How to add film simulation recipes to your Fujifilm camera

Sailboats on the river Nile.
(Image credit: Future | Joshua Chard)

While other brands have been developing global shutters and faster subject-detection algorithms, Fujifilm has focused on taking its customers back to a time when a camera didn't feel like a computer, and photography was a slower and more intentional process of creation. They have done this by creating stunning vintage-inspired cameras, like the X100VI, that have proven so popular that wait times are currently through the roof. Even companies like Nikon have now decided to wade in and put some real money behind their own Zf line, in an attempt to jump on the trend.

In case you hadn't noticed, the "film look" is in. Gen Z has been bombarded by millions of identical, over-sharpened iPhone pictures since they first logged into Instagram, so they have now teamed up with nostalgic millennials to bring back the grain, the texture, and the tactile experience of film photography.  For the hardcore, that means shelling out a small fortune for real rolls of film and hitting the streets with their Pentax K1000's, but for most people, it's been about finding that look and feel in the world of digital cameras. This is where Fujifilm comes in.  


Fujifilm X100 series camera outside on a autumn leaf covered ground

(Image credit: Future | Joshua Chard)

The second way that Fujifilm has dominated this space is by giving its cameras film simulations. Film simulations are looks you can choose in-camera, which recreate the colors and tones of film stocks such as FUJICHROME ASTIA or ETERNA. This means you can get a beautifully stylised image straight out of camera, without the joyless process of importing, editing and re-exporting that's usually required. 

But what if you want more than the six or seven recipes that come in the camera? Not to worry, Fujifilm has provided most of their cameras with the ability to add custom simulations of your own, allowing for an incredible amount of flexibility and variation in the looks you can get. If you're the lucky owner of a Fuji camera, just follow the steps below.  

Installing an existing recipe

Street portrait of market vendor

(Image credit: Future | Joshua Chard)

Step 1 - Check your camera model

Make sure you have a compatible Fujifilm camera, as not all of them have the ability to save custom recipes. If you are shooting on one of the more recent models, such as the X-T5, then you will have up to seven slots where you can save your own. If you are unsure if your camera is one of those included, then a quick google search should tell you.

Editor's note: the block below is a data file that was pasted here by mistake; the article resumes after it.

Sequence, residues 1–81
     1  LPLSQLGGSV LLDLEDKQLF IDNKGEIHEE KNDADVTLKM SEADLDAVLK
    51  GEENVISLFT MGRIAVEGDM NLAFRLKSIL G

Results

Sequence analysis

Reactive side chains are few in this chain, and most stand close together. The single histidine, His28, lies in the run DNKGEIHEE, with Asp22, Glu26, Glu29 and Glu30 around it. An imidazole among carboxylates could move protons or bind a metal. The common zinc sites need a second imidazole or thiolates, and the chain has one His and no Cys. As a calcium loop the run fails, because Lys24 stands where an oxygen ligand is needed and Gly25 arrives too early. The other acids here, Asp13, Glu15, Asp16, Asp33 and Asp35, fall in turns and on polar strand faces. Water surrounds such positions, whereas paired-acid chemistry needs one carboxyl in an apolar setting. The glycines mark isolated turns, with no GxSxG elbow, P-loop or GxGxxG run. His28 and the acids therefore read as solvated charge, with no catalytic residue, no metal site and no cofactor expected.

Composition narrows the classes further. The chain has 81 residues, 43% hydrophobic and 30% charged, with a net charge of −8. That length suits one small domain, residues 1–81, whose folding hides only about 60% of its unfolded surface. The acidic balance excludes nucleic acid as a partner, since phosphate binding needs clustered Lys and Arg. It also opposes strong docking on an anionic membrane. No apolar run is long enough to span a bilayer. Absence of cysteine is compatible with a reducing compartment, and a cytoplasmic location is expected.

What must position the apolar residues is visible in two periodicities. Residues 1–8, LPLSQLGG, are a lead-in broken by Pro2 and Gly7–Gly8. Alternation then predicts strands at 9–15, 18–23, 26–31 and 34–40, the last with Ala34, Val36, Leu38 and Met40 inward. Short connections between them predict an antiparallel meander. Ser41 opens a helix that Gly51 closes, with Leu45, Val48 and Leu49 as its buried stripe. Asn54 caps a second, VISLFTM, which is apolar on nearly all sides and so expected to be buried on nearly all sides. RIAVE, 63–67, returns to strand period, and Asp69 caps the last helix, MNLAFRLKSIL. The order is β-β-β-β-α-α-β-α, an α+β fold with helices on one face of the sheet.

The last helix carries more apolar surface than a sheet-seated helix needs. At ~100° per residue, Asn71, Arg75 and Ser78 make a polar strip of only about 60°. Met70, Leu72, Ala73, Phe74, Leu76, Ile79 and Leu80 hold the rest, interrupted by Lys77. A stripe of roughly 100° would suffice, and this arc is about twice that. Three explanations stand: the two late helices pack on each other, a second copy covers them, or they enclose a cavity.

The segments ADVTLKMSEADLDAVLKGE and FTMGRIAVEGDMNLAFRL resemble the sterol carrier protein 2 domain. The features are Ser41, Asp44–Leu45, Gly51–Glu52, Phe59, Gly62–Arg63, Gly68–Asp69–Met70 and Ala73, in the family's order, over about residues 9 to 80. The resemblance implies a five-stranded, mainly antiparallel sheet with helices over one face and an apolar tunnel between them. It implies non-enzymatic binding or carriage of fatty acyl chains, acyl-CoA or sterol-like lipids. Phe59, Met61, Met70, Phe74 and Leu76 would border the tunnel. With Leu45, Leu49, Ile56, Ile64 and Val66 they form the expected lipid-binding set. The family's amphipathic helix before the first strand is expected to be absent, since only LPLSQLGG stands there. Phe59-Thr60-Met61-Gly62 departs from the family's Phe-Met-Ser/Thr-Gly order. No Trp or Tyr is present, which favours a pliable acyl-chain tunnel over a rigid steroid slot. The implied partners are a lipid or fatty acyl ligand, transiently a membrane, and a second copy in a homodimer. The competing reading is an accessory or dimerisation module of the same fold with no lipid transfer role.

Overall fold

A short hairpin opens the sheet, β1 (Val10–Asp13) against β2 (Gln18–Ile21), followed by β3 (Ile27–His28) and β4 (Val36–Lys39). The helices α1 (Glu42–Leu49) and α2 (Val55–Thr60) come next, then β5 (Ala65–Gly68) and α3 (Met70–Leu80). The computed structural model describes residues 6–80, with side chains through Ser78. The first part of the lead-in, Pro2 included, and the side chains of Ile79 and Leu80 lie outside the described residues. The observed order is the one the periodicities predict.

Step 2 - Choose a recipe

Yellow cactus photo with custom film simulation recipe

(Image credit: Fujiweekly)

Head on over to, where you can find hundreds of different recipes, created by photographers around the world. Each one includes a variety of sample images, so you can really get a feel for how the pictures will look straight out of camera. Choose your sensor type (ie. X-Trans IV) and all the recipes will be compatible with the settings on your camera model, as well as your base film simulations (ie. ETERNA or ACROS).  

As a Wes Anderson fan, I was instantly drawn to the tones in this Vibrant Arizona recipe. Still hard to believe you can produce a photo like this in camera.  

Once you have chosen a recipe, scroll down until you see a section like this in bold: these are the settings you will need to recreate the look in your own camera.  

Custom recipe settings listed out

(Image credit: Fujiweekly)

Step 3 - Save it to your camera

Make sure your camera is in "Single Image" mode, then press the Menu button and go to the "IQ" section. As you scroll down, you should see the exact same list of settings that you can see in the recipe, such as "Grain Effect" and "Clarity". Click into each one and set it as per the recipe, then keep scrolling down until you see "Edit/Save Custom Setting". This is where you can save it to your camera, so that you can select it at any time. It is worth noting that most Fuji cameras will not save your White Balance as part of the recipe, so you may need to quickly dial that back in when shooting with it in future. 

Create your own recipe

4x4 truck driving into bright sunlight in Egypt.

(Image credit: Future | Joshua Chard)

As you play around with the different settings, you will start to learn what you like or don't like for your own photos: you may decide that you love heavy film grain, so you dial it up, or that removing the clarity looks nicer on skin tones. If you change enough settings, guess what, you've made your own recipe! Hop on one of the many Facebook groups or Reddit threads dedicated to sharing recipes and let others give your creation a go.  

If you really want to get geeky with it and create your own recipes from the ground up, you can download Fujifilm's X RAW Studio for free and fine-tune the looks on your computer. The software has a Lightroom-esque interface with all of the familiar sliders and curve adjustments: for full instructions on how to use it, I suggest you check out Pal2Tech's excellent video walkthrough.

There you have it, a gorgeous vintage camera, and the ability to create whatever looks you like without ever opening Lightroom. Now get out there and take some photos!

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Joshua Chard

Josh is an award-winning professional photographer and visual storyteller who has spent over 20 years in stunning parts of Africa.